Roman four on watches
Sabine Meding, last updated on 08/07/2023

If you have ever taken a closer look at watch dials and especially at the indices of wristwatches, you may have noticed the following fact: Not all watches are equipped with Arabic numerals. Many a dial is adorned with Roman numerals. But why are Roman numerals still used on timepieces today? And what is the special feature of the Roman numeral four on watches? These are just two of the exciting questions about Roman numerals on timepieces, to which we will find answers in this article.

Meaning and use of Roman numerals

Roman numerals are a way of writing numbers that originated in ancient times. A counter is represented by "I", 5 is written as "V" and "X" stands for 10. Additionally, there are signs for 50 ("L"), 100 ("C"), 500 ("D") and 1,000 ("M") as well as for 5,000 and 10,000.

These digits can be used in combination to represent any conceivable number. The procedure is subtraction and addition counting. For example, the number 9 is written as "IX" with the dash before the 10 subtracted. The 11 is written accordingly with a dash in position behind the 10 - thus "XI" - so that the dash is to be added to the 10.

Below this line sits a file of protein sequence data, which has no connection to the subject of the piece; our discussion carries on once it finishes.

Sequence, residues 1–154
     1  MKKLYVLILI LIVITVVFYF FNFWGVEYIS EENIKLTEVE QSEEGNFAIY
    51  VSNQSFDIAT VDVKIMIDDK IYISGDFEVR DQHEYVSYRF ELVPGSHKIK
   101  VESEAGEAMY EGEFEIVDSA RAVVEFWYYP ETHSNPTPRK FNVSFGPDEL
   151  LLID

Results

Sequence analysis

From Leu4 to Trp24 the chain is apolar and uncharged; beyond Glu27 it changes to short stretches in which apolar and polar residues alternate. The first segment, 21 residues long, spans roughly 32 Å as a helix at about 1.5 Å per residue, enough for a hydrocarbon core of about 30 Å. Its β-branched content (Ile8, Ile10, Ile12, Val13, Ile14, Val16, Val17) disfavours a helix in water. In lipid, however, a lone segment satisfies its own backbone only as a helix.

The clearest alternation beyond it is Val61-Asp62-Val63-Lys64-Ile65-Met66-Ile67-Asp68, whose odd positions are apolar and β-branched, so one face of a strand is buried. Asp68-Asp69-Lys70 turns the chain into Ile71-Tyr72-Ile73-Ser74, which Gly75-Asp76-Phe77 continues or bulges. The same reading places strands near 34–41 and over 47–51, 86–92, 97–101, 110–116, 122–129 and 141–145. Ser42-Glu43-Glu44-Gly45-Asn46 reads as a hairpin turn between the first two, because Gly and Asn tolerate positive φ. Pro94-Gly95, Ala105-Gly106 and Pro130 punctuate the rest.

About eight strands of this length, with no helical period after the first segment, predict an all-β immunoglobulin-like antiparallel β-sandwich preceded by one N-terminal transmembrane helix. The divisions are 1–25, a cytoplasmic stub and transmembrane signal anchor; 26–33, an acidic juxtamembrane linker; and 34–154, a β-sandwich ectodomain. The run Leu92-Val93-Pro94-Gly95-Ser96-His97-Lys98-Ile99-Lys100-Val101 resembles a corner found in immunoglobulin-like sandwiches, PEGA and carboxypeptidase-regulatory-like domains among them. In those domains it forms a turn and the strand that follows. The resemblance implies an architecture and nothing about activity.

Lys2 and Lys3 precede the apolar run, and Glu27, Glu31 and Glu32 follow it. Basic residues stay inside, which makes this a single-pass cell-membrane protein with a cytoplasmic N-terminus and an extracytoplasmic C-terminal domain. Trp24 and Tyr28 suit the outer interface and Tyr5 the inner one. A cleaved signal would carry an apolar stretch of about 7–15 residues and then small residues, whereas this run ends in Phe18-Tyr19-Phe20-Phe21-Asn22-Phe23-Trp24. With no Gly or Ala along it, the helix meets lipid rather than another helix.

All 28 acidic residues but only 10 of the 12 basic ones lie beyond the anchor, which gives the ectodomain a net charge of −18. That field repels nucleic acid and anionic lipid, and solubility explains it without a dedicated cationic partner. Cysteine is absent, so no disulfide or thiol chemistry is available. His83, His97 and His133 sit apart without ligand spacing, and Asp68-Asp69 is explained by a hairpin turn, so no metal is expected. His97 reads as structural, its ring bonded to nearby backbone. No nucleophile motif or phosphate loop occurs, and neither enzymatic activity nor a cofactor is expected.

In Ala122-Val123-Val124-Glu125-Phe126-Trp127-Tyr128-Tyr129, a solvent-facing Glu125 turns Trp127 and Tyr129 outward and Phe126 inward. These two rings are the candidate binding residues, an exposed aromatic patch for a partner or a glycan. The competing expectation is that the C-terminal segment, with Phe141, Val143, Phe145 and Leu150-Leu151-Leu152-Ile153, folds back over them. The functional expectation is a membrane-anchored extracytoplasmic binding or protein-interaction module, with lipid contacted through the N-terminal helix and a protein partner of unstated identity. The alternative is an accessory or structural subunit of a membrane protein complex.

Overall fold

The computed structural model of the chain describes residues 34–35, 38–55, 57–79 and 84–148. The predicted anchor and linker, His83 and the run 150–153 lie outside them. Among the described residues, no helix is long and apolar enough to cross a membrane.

Today, Arabic numerals have prevailed, which is why we rarely encounter Roman numerals in everyday life. When we do see them, they are usually on old buildings, monuments, statues or even on the dial of a clock.

The fascination of Roman numerals on watches

The larger the clock collection, the more likely it is that at least one - if not several - of the clocks have Roman numerals. Because: it's actually not that uncommon for watchmakers to opt for Roman notation for the indices on the dial. This may seem nonsensical to the layman, since not everyone is able to read Roman numerals at first glance. As far as legibility for everyone is concerned, the Arabic numerals seem to be the clearly better choice.

And yet, the great popularity of timepieces with Roman indices speaks for the fact that this variant also has its raison d'être. What is the fascination for this notation can only be speculated. The purely visual aspect certainly has a great influence, because the Roman numerals instantly make the dial of a wristwatch look quite high-class and give it a historical touch.

The origin of Roman numerals in the art of watchmaking

Some of the oldest dials with Roman numerals were most likely tower clocks. Such an early tower clock was therefore classically equipped with Roman numerals, which was subsequently adopted for pocket watches, wall clocks and wristwatches.

The Roman Four: IV or IIII?

In connection with the indices on timepieces, the Roman four is a particularly frequent topic of discussion. In watch enthusiast circles, the correct spelling of the Roman four is still the subject of lively debate today - a topic that never seems to lose its explosive power.

The different representations of the four on watches